Anyone with a design sensibility cannot help but love dry stone walls. Alice Rawsthorn, writing in The New York Times, calls them “a dazzling example of design ingenuity.” As with any design that really resonates with us, dry stone walls are so intriguing because they do more with less, in this case, mortar.
“Dry stone” refers to the practice of carefully selecting and shaping stones and then puzzling them together so they interlock. As ancient as the Neolithic stone walls built to set boundaries as people evolved from hunting and gathering to farming, dry stone techniques have been used for buildings and bridges, as well as walls.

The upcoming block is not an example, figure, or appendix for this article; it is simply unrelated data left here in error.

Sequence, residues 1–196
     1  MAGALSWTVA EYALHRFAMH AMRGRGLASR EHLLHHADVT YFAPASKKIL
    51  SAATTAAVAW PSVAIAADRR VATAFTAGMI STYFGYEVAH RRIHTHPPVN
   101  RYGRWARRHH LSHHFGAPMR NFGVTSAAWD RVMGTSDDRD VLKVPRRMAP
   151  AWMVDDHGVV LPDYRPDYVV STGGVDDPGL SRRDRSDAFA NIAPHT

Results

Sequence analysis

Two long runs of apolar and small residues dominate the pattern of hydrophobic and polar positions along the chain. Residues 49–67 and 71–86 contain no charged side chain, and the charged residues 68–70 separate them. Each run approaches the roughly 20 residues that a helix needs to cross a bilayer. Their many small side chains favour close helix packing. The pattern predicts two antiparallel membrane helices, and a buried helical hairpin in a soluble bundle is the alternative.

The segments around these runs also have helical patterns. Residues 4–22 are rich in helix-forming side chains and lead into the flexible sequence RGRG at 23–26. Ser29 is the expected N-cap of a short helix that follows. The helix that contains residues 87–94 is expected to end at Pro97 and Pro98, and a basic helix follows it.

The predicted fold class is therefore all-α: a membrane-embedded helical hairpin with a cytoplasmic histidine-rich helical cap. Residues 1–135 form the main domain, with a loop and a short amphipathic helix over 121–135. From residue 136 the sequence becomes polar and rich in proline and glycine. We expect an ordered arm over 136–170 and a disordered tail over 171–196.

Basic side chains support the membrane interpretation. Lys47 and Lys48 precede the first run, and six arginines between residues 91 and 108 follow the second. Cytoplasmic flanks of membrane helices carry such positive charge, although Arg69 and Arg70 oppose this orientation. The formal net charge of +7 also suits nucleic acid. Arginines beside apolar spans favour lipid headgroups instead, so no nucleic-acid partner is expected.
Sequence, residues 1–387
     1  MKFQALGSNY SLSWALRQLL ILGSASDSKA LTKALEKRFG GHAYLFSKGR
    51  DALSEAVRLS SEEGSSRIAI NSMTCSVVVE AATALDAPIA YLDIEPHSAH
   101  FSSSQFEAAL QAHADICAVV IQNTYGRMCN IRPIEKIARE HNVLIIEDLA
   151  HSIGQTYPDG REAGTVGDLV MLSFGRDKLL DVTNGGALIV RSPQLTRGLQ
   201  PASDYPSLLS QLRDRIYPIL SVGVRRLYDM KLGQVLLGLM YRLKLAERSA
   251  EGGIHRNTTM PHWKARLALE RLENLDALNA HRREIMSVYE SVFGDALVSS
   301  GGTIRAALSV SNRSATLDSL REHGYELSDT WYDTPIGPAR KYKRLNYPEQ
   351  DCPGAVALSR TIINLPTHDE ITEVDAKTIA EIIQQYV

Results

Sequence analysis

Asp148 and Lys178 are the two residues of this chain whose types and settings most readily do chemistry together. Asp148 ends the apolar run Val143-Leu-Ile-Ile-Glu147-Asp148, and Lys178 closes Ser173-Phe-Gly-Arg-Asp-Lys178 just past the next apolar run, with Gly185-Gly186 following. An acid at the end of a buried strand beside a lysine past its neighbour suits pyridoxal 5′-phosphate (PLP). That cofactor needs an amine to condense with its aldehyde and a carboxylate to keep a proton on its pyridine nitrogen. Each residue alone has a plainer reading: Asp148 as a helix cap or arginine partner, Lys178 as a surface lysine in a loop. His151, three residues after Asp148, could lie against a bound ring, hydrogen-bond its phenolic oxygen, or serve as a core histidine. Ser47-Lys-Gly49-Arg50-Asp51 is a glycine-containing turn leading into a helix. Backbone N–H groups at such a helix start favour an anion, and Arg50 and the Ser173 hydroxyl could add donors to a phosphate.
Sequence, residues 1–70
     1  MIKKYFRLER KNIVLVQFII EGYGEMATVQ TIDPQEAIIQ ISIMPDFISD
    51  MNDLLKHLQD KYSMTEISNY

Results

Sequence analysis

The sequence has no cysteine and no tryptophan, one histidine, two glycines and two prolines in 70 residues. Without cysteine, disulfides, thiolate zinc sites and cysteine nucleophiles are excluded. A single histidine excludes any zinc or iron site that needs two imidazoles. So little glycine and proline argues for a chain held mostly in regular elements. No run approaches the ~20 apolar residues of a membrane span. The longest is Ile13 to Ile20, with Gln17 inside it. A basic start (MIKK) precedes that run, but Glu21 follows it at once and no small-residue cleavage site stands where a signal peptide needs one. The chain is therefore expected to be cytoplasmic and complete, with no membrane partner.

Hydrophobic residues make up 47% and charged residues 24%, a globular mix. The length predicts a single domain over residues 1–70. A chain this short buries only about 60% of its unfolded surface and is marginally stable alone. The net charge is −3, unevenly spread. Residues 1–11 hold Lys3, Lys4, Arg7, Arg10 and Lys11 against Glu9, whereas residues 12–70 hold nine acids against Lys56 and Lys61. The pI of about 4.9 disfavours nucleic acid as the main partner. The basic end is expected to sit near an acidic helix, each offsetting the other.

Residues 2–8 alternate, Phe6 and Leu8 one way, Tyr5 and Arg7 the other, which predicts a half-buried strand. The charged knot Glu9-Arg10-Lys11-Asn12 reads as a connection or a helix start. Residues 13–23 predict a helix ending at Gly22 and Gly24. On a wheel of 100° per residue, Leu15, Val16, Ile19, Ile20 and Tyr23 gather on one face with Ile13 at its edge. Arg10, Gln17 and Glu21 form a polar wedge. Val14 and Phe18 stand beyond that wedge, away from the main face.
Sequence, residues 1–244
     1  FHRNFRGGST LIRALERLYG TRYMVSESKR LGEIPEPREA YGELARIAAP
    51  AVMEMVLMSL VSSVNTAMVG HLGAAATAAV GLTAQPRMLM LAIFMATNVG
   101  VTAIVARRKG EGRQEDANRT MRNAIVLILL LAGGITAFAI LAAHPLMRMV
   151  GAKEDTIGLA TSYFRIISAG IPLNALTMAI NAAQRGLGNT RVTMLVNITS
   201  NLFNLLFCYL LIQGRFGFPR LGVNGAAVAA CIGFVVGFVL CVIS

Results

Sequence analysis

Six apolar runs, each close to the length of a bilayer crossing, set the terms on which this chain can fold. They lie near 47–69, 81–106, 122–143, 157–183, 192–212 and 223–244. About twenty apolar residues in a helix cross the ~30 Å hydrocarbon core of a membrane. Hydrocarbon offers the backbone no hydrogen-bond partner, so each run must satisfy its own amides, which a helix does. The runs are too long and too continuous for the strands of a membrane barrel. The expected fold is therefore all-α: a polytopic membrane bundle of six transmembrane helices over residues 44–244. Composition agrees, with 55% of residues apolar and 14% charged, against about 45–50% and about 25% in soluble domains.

The practice continues today, with few alterations to techniques developed about 9,000 years ago. Mariana Cook in her book “Stone Walls: Personal Boundaries” shows and tells the fascinating history and continuing story of dry stone construction.
One example that didn’t make her book, but could have, is Butaro Hospital in Rwanda. Built with the help of MASS Design, the structure features dry stone walls. Architects as MASS trained local Rwandans in the ancient craft. They became the masons: hand-chipping volcanic rock and beautifully shaping all the pieces so they fit together and form two walls of the hospital.